Residential homebuilders are in the midst of a recovery. Housing starts in 2018 are clocking around 1.3 million annually, up significantly from six hundred thousand units following the subprime mortgage crisis. Nearly two decades of public company bankruptcy risk analysis tells us, however, that not every company within an industry should be painted with the same brush. Certain residential homebuilders are performing adequately, like PulteGroup, Inc., while others like Hovnanian Enterprises, Inc. remain severely exposed to credit risk.
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With tight housing inventories and steady consumer demand, U.S. homebuilders have aggressively pursued unit growth and price increases. These builders heavily utilize their balance sheets to acquire land, develop it and build out their communities. This business model naturally involves, tying up a significant amount of capital. Upcycles are phenomenal for businesses, yet economic downturns can result in severe balance sheet risk.
With the U.S. economy performing well in 2018, the Federal Reserve has increased benchmark interest rates from virtually zero to 2.25% over the course of the last three years. Tightening credit has a ripple effect that spills directly into housing. As of October 2018, the 30-year fixed mortgage rate has pushed up to 5%, the highest level realized since early 2011. This rate will be impacting purchasing demand, especially if rates continue to rise. Simultaneously, short-term borrowing rates in the U.S. have become more expensive for homebuilders. Higher rates have a two-fold negative impact on earnings and cash flow for homebuilders.
From a competitive standpoint, prefabricated modular houses are on the rise once again. Businesses may find this avenue more attractive from a cost perspective, particularly by reducing labor. In September, Amazon announced capital funding for a homebuilder, Plant Prefab, which intends to design its homes for smart devices. Prefabrication operators could place pressure on traditional homebuilders over time.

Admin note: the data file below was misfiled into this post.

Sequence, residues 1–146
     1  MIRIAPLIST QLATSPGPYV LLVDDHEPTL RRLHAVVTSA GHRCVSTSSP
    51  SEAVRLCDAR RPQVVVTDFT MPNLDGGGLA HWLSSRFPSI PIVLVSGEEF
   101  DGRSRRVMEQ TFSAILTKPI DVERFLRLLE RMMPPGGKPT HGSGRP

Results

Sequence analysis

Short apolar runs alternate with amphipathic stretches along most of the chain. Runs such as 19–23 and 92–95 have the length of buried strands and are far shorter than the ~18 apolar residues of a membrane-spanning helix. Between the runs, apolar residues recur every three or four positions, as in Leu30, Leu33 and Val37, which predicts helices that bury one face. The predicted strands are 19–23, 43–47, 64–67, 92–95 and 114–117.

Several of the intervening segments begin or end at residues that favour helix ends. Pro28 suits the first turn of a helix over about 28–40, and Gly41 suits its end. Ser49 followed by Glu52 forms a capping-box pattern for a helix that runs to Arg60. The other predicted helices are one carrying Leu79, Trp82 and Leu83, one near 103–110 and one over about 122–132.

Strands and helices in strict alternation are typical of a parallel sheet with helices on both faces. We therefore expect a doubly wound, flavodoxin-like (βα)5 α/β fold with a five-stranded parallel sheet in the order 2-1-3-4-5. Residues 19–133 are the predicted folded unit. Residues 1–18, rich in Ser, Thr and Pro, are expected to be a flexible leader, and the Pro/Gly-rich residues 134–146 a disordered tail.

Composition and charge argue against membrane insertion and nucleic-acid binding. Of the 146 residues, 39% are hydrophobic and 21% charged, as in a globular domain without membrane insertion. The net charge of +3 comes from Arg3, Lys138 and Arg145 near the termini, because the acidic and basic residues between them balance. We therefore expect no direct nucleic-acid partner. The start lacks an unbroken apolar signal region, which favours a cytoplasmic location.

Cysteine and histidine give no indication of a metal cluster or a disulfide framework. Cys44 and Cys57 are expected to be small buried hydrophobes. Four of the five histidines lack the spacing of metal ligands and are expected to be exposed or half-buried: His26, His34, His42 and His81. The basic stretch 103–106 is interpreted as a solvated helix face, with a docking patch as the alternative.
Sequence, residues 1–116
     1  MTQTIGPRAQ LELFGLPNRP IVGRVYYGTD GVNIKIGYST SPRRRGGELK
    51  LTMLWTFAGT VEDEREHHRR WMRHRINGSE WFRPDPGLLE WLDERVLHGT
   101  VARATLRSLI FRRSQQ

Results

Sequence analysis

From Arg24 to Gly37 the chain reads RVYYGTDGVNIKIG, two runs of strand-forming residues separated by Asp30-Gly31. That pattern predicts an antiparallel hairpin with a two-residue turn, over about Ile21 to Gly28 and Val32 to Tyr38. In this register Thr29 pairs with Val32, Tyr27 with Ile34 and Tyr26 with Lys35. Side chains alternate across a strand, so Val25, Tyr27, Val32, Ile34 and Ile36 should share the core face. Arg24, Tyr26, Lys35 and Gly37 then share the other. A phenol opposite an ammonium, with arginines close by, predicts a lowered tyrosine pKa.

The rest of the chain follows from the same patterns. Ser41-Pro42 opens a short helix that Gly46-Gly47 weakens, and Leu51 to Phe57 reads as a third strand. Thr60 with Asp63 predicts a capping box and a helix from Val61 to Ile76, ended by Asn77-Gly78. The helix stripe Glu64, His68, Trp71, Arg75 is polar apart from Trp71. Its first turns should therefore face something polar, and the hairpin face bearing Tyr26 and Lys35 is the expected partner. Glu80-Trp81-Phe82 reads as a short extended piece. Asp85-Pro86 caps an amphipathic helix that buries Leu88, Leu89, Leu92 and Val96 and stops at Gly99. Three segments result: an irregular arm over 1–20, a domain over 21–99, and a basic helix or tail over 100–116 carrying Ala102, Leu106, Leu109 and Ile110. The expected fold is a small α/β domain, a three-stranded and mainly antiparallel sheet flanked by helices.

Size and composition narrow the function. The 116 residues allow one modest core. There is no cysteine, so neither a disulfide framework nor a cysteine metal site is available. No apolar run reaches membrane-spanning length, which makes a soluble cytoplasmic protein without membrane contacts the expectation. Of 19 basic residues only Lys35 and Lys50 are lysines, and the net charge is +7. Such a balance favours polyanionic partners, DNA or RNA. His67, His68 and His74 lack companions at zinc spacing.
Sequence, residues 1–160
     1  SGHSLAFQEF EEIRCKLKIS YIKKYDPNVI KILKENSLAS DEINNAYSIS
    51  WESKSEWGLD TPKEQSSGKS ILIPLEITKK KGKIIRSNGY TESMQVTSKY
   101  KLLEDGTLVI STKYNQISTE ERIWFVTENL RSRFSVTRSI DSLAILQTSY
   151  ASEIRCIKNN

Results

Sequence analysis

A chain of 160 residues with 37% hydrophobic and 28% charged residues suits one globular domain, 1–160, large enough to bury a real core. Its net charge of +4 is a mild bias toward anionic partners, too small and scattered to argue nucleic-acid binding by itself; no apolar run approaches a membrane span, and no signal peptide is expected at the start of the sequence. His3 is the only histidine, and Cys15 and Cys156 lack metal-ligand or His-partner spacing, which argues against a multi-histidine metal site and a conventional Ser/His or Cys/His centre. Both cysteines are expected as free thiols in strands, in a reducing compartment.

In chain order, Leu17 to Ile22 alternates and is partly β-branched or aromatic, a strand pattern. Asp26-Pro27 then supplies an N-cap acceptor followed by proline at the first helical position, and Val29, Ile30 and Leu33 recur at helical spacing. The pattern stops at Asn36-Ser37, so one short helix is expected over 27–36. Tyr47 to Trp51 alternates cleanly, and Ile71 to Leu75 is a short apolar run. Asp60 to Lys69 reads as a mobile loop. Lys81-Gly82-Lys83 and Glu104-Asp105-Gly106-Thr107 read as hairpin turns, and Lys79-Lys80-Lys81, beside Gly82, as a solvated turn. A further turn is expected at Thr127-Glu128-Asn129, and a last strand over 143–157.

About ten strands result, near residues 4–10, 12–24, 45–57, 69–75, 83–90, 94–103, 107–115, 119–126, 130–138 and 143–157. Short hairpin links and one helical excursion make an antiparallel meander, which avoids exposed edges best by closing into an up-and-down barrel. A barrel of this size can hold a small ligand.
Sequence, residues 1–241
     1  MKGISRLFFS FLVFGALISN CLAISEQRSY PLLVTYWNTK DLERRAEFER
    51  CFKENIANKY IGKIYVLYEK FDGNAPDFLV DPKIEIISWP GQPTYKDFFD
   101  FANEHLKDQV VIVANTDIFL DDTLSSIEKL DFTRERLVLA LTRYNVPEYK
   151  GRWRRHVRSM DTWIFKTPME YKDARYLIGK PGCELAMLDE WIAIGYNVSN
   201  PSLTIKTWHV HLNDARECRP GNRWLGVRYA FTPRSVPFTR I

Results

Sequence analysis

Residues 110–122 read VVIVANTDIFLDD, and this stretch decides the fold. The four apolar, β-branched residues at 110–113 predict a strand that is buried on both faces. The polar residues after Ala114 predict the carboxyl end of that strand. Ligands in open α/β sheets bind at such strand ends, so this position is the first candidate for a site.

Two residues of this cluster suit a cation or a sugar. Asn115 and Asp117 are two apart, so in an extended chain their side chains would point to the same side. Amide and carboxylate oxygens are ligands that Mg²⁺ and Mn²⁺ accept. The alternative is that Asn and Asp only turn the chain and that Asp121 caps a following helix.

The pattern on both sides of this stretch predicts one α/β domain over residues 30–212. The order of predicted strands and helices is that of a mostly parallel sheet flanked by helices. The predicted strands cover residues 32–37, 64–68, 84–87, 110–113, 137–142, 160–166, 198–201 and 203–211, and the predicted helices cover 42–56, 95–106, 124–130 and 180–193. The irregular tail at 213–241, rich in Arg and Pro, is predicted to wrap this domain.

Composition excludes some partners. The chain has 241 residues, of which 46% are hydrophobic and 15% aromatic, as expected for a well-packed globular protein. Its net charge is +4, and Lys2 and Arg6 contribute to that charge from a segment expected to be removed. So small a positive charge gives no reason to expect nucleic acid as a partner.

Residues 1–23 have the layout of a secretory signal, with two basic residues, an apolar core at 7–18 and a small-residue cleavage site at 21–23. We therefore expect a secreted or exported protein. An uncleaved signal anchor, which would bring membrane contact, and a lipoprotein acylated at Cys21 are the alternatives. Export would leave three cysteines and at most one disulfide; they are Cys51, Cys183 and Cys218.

The Good and the Bad
Pulte is one of the financially healthier homebuilders in the U.S. It currently maintains a FRISK® score of “7,” which stands above the current construction services industry average in 2018:
This measurement indicates a small probability of bankruptcy and limited financial risk. Pulte has vastly expanded inventories regarding both land and housing under construction. On a trailing 12-month basis, annualized net sales are up double digits and operating margins have returned to near-peak levels. Pulte has also realized an uptick in annualized cash flow from incrementally higher earnings and a relative increase in deferred income tax.
While ramping up to meet increasing demand, net leverage (comparing debt-to-annualized EBITDA) stands around two times on a trailing 12-month basis. This suggests that management has ample flexibility to handle softness in housing if it were to develop more broadly. As a general guideline, if a counterparty has a FRISK® score in the range of “6” to “10,” the company can often be assigned a pass in terms of financial risk. This quick look at some of Pulte's key financial metrics bears this out.